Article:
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Short version

We wasted two days waiting for plumber who didn't come until the third day.

When he came, he did the job, but then came back and un-did it the day after (claiming the landlord hadn't paid him) - leaving the flat in a worse situation than beforehand.

Now we have to waste another day waiting for the plumber to come back to re-do the job.

We are tech entrepreneurs with seed investment ranging from ~£15k to £300k so time=money and we have had to waste a lot of time with this problem now.

We don't know who exactly is at fault here - what can we do to "encourage" the landlord to manage things properly, and the plumber to do his job? We don't really have time to take legal action - we just want a working flat so we can build our businesses. If there is some way we could create a perceived threat of legal action, it might help the landlord and/or the plumber to do their jobs. Assuming this problem continued another week, what courses of action may be available to us? What information should we record during that time?

To give an example of "encouragement" - in a past problem with a USA-based clothing seller, simply the mention of the phrase "small claims court" in a letter to them was sufficient to make them take us seriously.

Detailed info

Myself and two friends recently started renting a flat in London. We are renting from a previous tennant who is subletting (authorized by her landlord/owner). We are on an "assured shorthold tenancy".

Last week, we received notification that the flat below was taking on water from above. This was identified as a leaky pipe in our flat

  • We were told that a plumber would come on Monday to repair the pipe. I stayed home for the day, no plumber came.

  • We were told that the plumber would come on Tuesday. A flatmate stayed home for that day, but again - no plumber.

  • On Wednesday, the other flatmate stayed at home. The plumber came and repaired the pipe. The plumber claimed that he had only been ordered to do the job since Tuesday.

  • On Thursday (today), the plumber came and said that he wanted to do a "check up". The only flatmate in at the time let the plumber in. The plumber then turned the water off and took his pipes out. The flatmate protested, the plumber said that he hadn't been paid by the landlord so the pipes were his property, then he left.

One flatmate turned the water back on briefly - predictably, this resulted in water freely flowing from where a pipe had been removed.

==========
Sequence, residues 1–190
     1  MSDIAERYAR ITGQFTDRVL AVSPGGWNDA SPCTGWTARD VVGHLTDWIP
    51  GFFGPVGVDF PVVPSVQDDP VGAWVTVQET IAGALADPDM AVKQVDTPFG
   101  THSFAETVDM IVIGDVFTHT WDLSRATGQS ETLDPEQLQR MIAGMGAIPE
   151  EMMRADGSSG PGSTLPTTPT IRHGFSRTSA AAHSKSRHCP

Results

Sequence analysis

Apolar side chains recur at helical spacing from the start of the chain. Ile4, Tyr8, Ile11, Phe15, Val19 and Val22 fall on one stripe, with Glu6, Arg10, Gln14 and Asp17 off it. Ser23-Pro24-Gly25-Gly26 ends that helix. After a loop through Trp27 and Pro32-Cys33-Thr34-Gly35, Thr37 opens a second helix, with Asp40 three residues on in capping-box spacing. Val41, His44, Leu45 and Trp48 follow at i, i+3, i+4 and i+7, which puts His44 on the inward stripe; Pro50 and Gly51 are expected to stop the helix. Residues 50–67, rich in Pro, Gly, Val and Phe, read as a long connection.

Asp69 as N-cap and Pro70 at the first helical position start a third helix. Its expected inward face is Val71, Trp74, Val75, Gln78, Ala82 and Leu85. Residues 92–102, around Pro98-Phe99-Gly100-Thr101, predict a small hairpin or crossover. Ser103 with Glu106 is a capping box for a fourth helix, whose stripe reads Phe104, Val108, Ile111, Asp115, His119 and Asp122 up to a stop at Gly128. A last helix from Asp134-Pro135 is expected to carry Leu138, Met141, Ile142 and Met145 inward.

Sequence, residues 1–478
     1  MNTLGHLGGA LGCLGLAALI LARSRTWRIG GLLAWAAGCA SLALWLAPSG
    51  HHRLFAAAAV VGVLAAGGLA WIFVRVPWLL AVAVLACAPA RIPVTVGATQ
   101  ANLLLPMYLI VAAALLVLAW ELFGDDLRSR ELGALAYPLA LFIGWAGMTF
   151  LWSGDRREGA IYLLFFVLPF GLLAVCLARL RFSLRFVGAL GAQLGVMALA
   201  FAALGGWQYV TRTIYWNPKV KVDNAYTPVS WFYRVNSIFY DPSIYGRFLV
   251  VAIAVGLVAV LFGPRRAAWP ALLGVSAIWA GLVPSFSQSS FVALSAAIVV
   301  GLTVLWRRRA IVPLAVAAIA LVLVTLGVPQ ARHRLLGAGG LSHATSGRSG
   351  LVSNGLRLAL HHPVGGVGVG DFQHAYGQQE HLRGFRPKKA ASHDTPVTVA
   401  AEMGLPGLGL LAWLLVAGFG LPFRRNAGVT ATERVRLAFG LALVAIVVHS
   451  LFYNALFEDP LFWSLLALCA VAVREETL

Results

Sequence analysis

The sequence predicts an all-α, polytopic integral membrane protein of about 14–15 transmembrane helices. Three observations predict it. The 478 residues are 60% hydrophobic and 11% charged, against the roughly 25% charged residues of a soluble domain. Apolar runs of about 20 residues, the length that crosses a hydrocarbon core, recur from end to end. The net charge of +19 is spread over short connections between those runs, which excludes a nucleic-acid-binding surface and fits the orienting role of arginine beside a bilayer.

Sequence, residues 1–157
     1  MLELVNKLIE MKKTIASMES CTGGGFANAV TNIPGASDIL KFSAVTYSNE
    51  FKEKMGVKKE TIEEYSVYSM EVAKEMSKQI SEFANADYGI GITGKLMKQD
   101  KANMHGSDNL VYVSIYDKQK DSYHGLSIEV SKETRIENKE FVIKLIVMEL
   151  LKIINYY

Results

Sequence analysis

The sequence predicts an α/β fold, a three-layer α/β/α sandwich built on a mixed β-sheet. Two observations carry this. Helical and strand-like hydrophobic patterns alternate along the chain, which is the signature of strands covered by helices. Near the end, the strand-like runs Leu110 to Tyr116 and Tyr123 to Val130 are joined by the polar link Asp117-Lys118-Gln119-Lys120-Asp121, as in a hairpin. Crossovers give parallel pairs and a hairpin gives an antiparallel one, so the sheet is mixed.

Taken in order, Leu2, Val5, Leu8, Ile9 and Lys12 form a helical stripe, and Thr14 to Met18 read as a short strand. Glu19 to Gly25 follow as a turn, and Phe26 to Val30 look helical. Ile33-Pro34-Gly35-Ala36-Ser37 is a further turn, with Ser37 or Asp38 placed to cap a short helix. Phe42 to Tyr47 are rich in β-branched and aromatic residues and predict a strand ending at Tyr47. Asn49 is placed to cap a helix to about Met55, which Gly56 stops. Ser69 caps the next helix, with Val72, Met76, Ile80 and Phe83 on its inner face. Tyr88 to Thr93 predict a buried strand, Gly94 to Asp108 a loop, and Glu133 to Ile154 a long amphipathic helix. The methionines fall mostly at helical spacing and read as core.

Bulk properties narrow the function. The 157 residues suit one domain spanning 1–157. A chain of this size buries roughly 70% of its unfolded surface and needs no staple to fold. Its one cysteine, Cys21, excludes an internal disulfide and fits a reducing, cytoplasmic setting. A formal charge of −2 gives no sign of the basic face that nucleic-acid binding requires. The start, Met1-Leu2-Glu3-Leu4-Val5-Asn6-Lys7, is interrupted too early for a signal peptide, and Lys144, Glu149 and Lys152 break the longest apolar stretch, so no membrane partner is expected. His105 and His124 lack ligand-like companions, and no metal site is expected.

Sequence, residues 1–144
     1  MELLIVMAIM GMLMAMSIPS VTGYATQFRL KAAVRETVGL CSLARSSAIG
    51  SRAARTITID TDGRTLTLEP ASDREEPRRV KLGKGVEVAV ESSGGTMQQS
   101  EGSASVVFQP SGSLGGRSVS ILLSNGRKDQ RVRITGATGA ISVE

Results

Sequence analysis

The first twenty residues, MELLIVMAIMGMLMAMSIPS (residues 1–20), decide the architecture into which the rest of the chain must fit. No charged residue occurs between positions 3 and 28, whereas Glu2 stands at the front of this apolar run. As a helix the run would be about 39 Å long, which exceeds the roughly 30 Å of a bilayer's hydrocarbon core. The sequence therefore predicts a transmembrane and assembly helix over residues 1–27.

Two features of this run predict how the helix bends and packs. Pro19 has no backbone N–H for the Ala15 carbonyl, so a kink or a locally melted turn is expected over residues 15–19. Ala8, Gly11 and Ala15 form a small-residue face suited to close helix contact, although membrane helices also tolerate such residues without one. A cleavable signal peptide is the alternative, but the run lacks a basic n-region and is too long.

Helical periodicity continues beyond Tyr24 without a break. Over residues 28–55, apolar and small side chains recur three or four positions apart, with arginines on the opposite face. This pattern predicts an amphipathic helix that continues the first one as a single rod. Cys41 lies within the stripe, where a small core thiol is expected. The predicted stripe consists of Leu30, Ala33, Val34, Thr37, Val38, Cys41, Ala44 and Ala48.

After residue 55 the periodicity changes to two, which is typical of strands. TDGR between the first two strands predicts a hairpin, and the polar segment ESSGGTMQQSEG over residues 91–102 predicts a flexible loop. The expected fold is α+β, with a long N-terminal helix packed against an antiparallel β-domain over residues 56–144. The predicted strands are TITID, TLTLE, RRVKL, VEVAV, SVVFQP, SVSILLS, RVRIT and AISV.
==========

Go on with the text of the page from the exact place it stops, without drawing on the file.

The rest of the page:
We contacted the landlord and he said that he would pay the plumber on Friday (tomorrow) and that one of us would need to be in the flat to let the plumber in, and to verify that he had done the job properly.

We have no water in our kitchen and probably no hot water (I don't want to risk running the on-demand boiler if there's a chance that it the pipes will fill with air). We have wasted three days and now one of us needs to waste (at least) one more.

  1. How can we give the impression that we're prepared to take swift legal action if the situation isn't resolved within the next 24 hours?

  2. If the situation isn't resolved within a few days, what courses of action would be available to us, and what information should we be recording during that time?

We understand that this site is purely "friendly community advice" not "professional legal advice", and is no substitute for formally talking to a lawyer :)

5

This guide from Shelter lists the steps you should take.

It can be summarised as: if the landlord fails to arrange the repairs, contact your local council. If they can't help, you can arrange the repairs yourself and request that the landlord reimburse you. If the landlord still refuses to co-operate, then you can pursue legal action.

It's important that you document everything you're doing, and keep the landlord fully informed at every step.

The guide states that you can deduct the cost from future rent. But it also says:

You do not have the right to withhold your rent if your landlord refuses to do repairs. If you don't pay rent, the landlord could take steps to evict you.

...so you may want to get expert advice before going any further.

  • Great, thanks! Should be useful for in future (the pipes eventually got fixed at 1am Saturday morning) – Mark K Cowan Oct 21 '15 at 16:04
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Legal action is not worth it.

Write to the landlord give them 24 hours to fix the problem or you will and deduct the cost from the rent.

  • We just wasted another day waiting for a plumber who never came... do you know which piece of legislation I should look at to see what I can/can't do regarding the course of action you recommended? Thanks! – Mark K Cowan Oct 16 '15 at 22:46
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    That's a really, really bad idea. In England & Wales, if a tenant withholds rent - even if they have a good reason - they place themselves at risk of eviction. – Steve Melnikoff Oct 21 '15 at 14:32

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